Bowers uses different logic than Anne Robertson who argues the strongest for the mass as memorial in her book, "Guillaume de Machaut and Reims," but still considers the mass was written for a unique purpose: maybe a memorial or maybe as a gift to the cathedral upon his retirement there.  It is interesting that Robertson uses a translation of the cathedral plaque which takes a few liberties with the Latin in order to strengthen her argument, whereas Bowers is more accurate acknowledging that the word "petitorium" is a legal term and hints at a legal proceeding and as a result of a less than satisfactory resolution at court for the Machaut estate, an endowment was collected by friends . 

This is different from how Robertson translates the word as a "personal petition" by the Machaut brothers, and which implies a much more overt gesture by Machaut about his intentions for performance of the mass. 

So, I think Schmelzer's entire hypothesis is founded on circumstantial evidence for which different conclusions can be drawn.  I would have preferred had he simply said "this is how I wish to perform the music because it brings the music alive to 21st century ears" and not gone into his psuedo-intellectual explanation about the afterlife of the work.

Offline sanantonio

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Re: The Early Music Club (EMC)
« Reply #924 on: January 12, 2017, 05:15:00 PM »
Wonderful disc from the L'Oiseau Lyre M&R box ~

Matteo da Perugia : Secular Works
Medieval Ensemble of London | Timothy & Peter Davies



His surviving compositions include mass movements, two isorhythmic motets and both Italian and French secular songs. Willi Apel regarded Matteo as the principal composer of his generation, in whose compositions one could trace the stylistic transition between the mannerism of the 1380s to the ‘modern style’ of the early 15th century. This viewpoint was challenged by Besseler; since then Matteo's position in history has remained an open question, and his music awaits a thorough stylistic study.

Some preliminary observations can be made, however. His cantus lines contain quirky leaps (the diminished 4th is a favourite interval), often from unstable sonorities that precede expected cadential arrivals. He often surrounds structural pitches with appogiaturas and auxiliary notes and embellishes his melodies with detailed, fast-moving ornamental figurations, notated in I-MOe α.M.5.24 with an expanded arsenal of italianate figures. A favourite device in the songs is to construct a melodic sequence upon a complex or syncopated rhythmic pattern (for example in Le greygnour bien and Le grant desir). He often begins phrases with imitation in all three voices. Several of his works explore a more adventurous chromaticism than is typical of this period.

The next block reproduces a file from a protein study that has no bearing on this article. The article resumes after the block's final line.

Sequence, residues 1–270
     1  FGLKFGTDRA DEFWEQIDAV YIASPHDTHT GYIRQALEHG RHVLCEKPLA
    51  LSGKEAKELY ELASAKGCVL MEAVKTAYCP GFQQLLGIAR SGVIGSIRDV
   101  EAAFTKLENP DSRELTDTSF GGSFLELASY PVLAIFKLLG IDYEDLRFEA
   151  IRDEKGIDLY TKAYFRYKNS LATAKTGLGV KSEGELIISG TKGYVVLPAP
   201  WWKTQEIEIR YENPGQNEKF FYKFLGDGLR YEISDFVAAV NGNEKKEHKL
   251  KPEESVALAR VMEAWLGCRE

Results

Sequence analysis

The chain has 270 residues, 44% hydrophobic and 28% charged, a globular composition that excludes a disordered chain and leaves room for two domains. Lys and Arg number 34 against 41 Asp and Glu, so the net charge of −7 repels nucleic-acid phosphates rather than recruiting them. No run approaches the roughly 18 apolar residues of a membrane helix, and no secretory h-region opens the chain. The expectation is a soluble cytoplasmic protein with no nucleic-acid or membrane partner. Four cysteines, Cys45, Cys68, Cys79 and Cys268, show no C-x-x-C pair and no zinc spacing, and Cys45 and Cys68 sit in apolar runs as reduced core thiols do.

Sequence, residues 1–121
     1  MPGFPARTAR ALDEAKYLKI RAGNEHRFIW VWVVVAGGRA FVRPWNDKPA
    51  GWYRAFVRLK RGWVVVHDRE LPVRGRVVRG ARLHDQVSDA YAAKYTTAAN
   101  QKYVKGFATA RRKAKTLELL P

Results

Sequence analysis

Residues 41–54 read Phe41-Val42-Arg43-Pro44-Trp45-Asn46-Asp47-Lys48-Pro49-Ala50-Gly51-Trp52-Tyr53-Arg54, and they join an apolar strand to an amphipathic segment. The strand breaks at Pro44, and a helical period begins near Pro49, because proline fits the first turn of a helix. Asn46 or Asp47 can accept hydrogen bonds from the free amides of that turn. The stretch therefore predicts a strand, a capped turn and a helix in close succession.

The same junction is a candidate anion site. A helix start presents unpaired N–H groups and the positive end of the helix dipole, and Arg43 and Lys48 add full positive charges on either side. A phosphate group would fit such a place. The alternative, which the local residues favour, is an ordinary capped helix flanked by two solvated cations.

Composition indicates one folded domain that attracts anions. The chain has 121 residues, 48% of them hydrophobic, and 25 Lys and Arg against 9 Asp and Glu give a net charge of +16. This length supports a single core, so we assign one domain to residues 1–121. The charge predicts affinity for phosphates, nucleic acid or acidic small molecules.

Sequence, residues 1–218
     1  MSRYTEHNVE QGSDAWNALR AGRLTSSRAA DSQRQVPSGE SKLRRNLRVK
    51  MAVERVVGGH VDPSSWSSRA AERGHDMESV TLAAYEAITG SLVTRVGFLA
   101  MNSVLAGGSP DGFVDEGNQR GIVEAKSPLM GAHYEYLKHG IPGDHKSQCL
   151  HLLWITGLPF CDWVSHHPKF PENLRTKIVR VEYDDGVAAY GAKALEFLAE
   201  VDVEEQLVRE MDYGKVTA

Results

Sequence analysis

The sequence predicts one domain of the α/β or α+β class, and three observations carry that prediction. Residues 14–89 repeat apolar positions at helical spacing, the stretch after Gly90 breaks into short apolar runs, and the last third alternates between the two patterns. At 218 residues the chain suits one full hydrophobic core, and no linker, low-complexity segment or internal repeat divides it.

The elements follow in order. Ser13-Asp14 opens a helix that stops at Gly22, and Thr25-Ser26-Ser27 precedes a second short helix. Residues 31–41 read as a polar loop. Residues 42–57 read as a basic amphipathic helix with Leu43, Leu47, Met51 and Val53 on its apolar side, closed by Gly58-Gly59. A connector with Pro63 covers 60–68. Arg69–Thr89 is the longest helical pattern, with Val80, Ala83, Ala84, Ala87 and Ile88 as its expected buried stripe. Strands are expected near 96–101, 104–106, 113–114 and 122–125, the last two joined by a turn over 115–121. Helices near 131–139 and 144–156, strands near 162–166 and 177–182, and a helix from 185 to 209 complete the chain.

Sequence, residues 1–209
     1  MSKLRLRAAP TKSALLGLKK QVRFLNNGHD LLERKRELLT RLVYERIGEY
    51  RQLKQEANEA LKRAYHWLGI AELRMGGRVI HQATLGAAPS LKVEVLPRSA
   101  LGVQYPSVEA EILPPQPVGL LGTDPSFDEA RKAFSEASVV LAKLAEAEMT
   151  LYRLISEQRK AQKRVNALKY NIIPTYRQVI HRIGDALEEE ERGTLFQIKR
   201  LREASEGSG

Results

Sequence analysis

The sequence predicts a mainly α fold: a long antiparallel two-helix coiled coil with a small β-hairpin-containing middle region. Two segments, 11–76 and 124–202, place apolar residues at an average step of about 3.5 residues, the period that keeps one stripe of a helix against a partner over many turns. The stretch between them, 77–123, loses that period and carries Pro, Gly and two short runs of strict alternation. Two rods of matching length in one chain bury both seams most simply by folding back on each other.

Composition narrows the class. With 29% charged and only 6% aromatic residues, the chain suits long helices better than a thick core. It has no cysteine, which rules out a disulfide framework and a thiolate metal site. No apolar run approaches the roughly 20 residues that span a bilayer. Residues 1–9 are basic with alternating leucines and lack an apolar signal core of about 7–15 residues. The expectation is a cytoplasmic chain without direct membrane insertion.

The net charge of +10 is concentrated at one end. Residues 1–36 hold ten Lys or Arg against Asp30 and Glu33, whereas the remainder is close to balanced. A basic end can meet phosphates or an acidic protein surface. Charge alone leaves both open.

[Ursula Günther and Anne Stone. "Matteo da Perugia." Grove Music Online. Oxford Music Online. Oxford University Press. Web. 13 Jan. 2017.]

Offline Mandryka

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Re: The Early Music Club (EMC)
« Reply #925 on: January 12, 2017, 11:09:00 PM »
Anthologie chantee des Troubadours XIIe and XIIIe siecles



The 248 songs of the troubadours identified here are recreated and recorded in a lively and original artistic approach that takes into account the latest work on the interpretation of medieval Occitan lyrics and interpreting medieval notation.  Troba Vox Editions is a label devoted to the music of the Troubadours Art Ensemble  and other groups specializing in this music.  The recordings are distributed by Abeille Musique, and available for streaming on Qobuz.Com and the Naxos Music Library.

The music in Vol 5 is outstanding, and I'm going to explore the whole series. The problem is this: in the qobuz downloads there is zero documentation. It's appalling.
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Offline sanantonio

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Re: The Early Music Club (EMC)
« Reply #926 on: January 20, 2017, 05:56:32 AM »
Dufay : Choral Music
Cantica Symphona



Wish they'd left their instruments in the cases, but otherwise, the singing is good and a nice selection of works.

I am not familiar with this group, Cantica Symphona.  I wonder what is the historical basis for using these instruments accompanying the voices?  Not overdone, just curious.  There is plenty of contemporaneous information about how much the "church Fathers" detested instruments at church.  And this continues until the late 16th century (organ excepted) but it is not to say that the amount of vitriol might also have been a reaction to what was being done despite the church's preference.

Thus we find that Erasmus, writing more than a century after Machaut's death, had cause to criticize instrumental music in much the same way as the Fathers had done, but with the significant addition that it was now to be heard 'even in the holy temple, just as in the theatre'. 

This was a comparatively new development around 1500, and one that is corroborated by other writers.

Offline sanantonio

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Re: The Early Music Club (EMC)